Study shows Caribbean coral reefs close to collapse
LONDON, England, Wednesday September 12, 2012 – A new study reported in Britain’s Guardian newspaper reveals the grim fact that less than 10 percent of coral reefs in the Caribbean show living coral cover and are on the verge of utter devastation.
Carl Gustaf Lundin, a director at the International Union for Conservation of Nature, which published the research, told the British newspaper that global warming, pollution and overexploitation are the main causes for the damage to reefs.
"The major causes of coral decline are well-known and include overfishing, pollution, disease and bleaching caused by rising temperatures resulting from the burning of fossil fuels," Lundin said.
"Looking forward, there is an urgent need to immediately and drastically reduce all human impacts if coral reefs and the vitally important fisheries that depend on them are to survive in the decades to come," he stressed.
The study noted that in the 1970s, 50 percent of the reefs showed coral that was alive and continuing to grow. In stark contrast, the latest survey found that only eight percent is covered with living coral growth.
Scientists participating in the study also warned that there was no evidence that coral death would be slowing.
The National Oceanic and Atmospheric Administration points out that global warming is a big factor with coral reefs, as more bleaching and infections break out when temperatures rise.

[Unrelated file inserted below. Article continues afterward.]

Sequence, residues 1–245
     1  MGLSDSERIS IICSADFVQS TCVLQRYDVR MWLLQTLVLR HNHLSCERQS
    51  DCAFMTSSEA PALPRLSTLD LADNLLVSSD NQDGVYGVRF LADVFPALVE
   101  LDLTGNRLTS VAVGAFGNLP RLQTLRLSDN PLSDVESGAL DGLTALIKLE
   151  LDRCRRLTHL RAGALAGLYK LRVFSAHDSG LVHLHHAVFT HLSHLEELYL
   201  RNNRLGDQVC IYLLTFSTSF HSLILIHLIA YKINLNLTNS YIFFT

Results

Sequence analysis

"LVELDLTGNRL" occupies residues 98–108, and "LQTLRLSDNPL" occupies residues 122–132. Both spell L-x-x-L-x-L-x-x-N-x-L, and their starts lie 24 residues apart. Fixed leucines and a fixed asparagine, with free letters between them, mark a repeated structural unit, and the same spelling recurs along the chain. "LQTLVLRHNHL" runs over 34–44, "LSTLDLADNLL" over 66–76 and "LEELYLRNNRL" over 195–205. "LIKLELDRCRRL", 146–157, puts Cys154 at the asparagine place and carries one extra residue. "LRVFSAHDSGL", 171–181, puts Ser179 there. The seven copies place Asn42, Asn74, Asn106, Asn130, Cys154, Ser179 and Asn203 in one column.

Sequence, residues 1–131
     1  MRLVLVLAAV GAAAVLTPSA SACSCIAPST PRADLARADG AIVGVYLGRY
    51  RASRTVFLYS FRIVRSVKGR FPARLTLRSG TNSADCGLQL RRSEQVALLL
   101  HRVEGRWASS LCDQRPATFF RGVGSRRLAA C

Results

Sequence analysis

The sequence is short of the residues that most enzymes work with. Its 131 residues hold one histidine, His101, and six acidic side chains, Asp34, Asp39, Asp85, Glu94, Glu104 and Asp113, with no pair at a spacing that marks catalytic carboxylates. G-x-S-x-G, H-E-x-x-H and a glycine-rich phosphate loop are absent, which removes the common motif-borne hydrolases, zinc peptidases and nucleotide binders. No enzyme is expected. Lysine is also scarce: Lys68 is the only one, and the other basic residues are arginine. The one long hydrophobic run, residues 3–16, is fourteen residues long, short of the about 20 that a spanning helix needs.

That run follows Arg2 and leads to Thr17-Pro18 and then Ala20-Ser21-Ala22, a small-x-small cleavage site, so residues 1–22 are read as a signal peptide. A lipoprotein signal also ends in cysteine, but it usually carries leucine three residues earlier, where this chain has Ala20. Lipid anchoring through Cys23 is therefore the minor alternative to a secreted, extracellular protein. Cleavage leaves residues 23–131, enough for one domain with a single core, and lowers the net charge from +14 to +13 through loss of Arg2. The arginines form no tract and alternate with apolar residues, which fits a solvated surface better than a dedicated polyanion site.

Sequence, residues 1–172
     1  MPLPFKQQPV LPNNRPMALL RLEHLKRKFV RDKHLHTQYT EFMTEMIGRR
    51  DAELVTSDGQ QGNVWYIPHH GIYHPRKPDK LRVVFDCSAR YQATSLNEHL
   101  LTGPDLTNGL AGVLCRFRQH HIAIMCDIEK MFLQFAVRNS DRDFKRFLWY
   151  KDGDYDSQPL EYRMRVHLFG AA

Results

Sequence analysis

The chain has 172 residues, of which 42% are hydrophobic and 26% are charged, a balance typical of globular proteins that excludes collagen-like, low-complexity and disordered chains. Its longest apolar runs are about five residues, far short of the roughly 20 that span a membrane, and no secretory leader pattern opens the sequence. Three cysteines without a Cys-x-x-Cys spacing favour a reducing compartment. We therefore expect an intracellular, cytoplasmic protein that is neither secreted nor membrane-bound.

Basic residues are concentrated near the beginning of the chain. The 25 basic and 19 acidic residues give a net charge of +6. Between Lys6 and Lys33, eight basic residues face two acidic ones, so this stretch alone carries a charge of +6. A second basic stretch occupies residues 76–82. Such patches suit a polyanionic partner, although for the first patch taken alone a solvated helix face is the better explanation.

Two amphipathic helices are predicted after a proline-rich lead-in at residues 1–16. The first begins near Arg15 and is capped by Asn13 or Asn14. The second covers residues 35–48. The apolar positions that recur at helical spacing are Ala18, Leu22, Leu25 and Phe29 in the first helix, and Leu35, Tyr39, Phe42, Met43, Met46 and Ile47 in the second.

Additionally, more carbon dioxide in the air alters the chemistry of the oceans, and slight changes in acidity could alter the growth rates of coral.
ScienceDaily, in reporting the work of researchers of Australia's Great Barrier Reef, nevertheless offered a more optimistic scenario in quoting Terry Hughes of James Cook University.
"The good news is that, rather than experiencing wholesale destruction, many coral reefs will survive climate change by changing the mix of coral species as the ocean warms and becomes more acidic."
Hughes theorizes that different living coral species may become more dominant and that the threat to coral reefs is not as severe.
He nevertheless noted that local factors like pollution and overfishing also need to be addressed.
The International Coral Reef Initiative indicated that damage to reefs also threatens the livelihoods of 500 million people around the world who live and work near them.